To go way back to the very first origins of signalwave and vaporwave in general there’s a clear fondness for Chuck Person’s Eccojams Vol. 1. I can virtually hear some of the ridiculousness of the “demerol” track’s influence reverberating through these hallowed halls. Cut-up snippets, the chopped and screwed style done to advertisements, this thing baffled listeners when it came out. Daniel Lopatin then was a much different person, a general weirdo who’d open for Fuck Buttons and other such noise artists. Now he does movie soundtracks. Things change. Anyway, a lot of the similar weird late-night vibe sessions that School of the Americas explores feel akin to the spirit of that recording, in that there is little made in the way of comfort. Very, very far from easy listening, the snippets have a confrontational stance, forcing the listener to engage with the material, regardless of whatever language is used.
Aesthetics matter in such a project, and School of the Americas proves more than capable of coming up with artwork that seems to indicate the general tenor of the tracks. On their Soundcloud, the first few tracks have photographs taken at night. “TCU”, uploaded earlier this year, has a breathing in and out aspect. Instruments are warped beyond belief, with the photography depicting an empty anonymous industrial landscape. Rocks in place, fence in place, lights extending their reach into the darkness, it is all there, and shows how almost immediately School of the Americas had adhered strongly to their mysterious aura.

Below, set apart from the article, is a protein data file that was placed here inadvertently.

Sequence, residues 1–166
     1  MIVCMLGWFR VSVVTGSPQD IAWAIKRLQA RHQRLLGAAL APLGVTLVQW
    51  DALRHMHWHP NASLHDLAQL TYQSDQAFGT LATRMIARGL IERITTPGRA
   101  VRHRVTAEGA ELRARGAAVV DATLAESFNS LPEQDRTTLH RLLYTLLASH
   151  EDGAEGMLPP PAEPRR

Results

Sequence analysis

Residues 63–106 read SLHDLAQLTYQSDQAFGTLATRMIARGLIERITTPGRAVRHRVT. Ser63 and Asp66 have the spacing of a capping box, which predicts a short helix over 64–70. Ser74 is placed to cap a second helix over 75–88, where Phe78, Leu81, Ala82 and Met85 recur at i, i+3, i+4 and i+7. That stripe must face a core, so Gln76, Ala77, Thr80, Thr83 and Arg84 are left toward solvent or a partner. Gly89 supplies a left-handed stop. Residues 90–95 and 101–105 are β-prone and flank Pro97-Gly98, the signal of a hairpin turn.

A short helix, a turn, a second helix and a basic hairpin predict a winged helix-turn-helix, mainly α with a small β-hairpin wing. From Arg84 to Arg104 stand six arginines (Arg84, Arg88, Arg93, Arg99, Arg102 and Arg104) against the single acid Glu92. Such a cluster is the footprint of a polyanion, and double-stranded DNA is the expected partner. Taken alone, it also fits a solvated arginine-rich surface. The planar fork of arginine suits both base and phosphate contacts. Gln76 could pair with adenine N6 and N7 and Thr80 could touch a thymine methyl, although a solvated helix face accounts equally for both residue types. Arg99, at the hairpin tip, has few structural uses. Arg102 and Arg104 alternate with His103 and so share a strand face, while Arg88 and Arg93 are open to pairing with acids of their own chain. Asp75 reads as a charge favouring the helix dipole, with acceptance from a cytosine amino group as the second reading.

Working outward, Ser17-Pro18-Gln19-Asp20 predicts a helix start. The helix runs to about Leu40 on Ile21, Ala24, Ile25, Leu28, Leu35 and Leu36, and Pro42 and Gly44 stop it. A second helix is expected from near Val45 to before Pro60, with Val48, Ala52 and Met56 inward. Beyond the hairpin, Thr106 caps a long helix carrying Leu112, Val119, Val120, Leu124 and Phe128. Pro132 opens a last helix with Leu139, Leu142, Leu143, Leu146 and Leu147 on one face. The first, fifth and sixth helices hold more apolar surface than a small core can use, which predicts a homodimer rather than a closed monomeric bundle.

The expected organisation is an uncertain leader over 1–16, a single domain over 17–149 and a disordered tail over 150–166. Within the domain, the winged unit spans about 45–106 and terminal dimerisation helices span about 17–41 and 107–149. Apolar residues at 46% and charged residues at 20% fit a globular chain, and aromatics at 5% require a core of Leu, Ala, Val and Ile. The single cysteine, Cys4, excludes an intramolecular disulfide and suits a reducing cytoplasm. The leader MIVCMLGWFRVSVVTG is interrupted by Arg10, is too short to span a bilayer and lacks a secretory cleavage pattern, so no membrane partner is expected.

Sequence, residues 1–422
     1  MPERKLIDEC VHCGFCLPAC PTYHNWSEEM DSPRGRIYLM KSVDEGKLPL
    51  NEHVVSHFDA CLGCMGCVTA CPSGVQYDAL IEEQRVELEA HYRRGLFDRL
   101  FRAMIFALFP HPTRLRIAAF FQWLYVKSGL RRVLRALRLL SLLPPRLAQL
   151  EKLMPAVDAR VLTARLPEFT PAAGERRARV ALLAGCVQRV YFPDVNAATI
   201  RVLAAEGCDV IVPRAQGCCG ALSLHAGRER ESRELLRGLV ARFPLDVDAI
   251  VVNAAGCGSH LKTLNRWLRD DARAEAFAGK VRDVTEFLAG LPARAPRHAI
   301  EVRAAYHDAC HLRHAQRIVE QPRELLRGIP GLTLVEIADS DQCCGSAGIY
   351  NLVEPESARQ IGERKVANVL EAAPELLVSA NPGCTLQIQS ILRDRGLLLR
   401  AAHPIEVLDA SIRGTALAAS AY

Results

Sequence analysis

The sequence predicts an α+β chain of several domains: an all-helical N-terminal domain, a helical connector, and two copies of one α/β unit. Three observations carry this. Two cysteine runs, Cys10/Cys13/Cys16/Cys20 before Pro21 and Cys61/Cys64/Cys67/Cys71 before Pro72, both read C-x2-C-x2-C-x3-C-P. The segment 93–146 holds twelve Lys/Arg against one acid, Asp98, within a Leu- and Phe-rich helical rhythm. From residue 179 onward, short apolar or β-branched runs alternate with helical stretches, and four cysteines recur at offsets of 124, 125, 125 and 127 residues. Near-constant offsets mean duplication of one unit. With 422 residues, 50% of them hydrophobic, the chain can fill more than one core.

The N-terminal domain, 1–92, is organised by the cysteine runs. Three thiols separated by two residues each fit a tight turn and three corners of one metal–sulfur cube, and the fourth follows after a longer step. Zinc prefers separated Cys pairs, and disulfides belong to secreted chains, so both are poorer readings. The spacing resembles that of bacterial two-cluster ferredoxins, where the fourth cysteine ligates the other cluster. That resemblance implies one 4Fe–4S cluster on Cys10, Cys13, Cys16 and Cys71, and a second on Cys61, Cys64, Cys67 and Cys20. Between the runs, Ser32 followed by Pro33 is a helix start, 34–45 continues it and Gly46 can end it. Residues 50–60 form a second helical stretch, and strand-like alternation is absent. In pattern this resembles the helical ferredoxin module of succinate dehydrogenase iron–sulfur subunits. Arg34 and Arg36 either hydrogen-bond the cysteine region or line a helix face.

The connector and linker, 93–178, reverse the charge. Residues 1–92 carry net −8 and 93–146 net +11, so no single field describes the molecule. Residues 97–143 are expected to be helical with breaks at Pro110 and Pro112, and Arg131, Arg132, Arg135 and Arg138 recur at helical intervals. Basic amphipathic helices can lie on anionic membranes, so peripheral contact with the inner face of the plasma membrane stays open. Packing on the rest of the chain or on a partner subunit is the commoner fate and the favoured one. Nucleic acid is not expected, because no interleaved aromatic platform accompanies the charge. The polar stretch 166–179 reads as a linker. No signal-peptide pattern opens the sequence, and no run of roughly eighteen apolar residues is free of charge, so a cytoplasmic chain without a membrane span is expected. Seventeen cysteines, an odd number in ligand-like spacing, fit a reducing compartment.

“11’s are all instrumental” offers a clearer view of where School of Americas comes from, in a literal sense. The picture depicts 4055 Linden Street in Oakland, California, home to Industrial Safety Supply Corporation. Google Street View confirms this is the right place, and the warning sign with its 510-area code confirms it. Unlike a lot of their work, this track is an uneasy series of drones. The sheer uncomfortable quality without words is a nice touch. While listening to it, I am reminded of the Triadex Muse synthesizer, which has been perhaps most recently used by Florian Hecker in their “Triadex Muse Treks” album for Neuer Berliner Kunstverein. Whereas I am certain this synthesizer was not used in the production (School of the Americas proudly states everything is done in audacity) it is interesting to have at least some reference point for this track to avoid completely getting lost. It is curious as to whether this location was chosen deliberately, as the location is a manufacturer of PPE, or completely random, adding to the mystique of what this piece’s actual intention is.
Lens flare gives the artwork for the “wish upon a tree instrumental” a haunted quality. The chopped-and-screw style is strong on this one. The track feels like the blues but in a very tape-damaged way. For all the oddity, this is one of their more straightforward pieces. Rhythms can be deciphered, even melodies can too. With the looping effect, they give it an anchor of sorts that allows the listener to at least begin to understand what is going on around them.
Vocals, however damaged, first appear on “butts.” The photo which simply says “beautiful” seems to be a strange in-joke, that I am sure makes some sort of sense. Glitched-up effects give the song’s finale an Oval-like effect, with sudden starts and stops a strange rave quality. For the final stretch, it returns to the distended once more, ending things on that note.
“benzene instrumental” appears devoted to the discovery of Michael Faraday in 1825. The compound is used in the production of polystyrene, once more offering a nod to industrial production (the first one from their picture of the Industrial Safety Supply Corporation). It is uncertain if this is a theme or a mere coincidence. School of the Americas offers no answers to this question, as they refuse to answer much of anything with their eerie music. One thing of note is the song has a jazzy cadence, similar in style to the chop-ups of Ahnnu, all the way down to the leftfield rhythm employed. Photography keeps things to the back of a business van, again suggesting some reference to commercial usage/industrial production.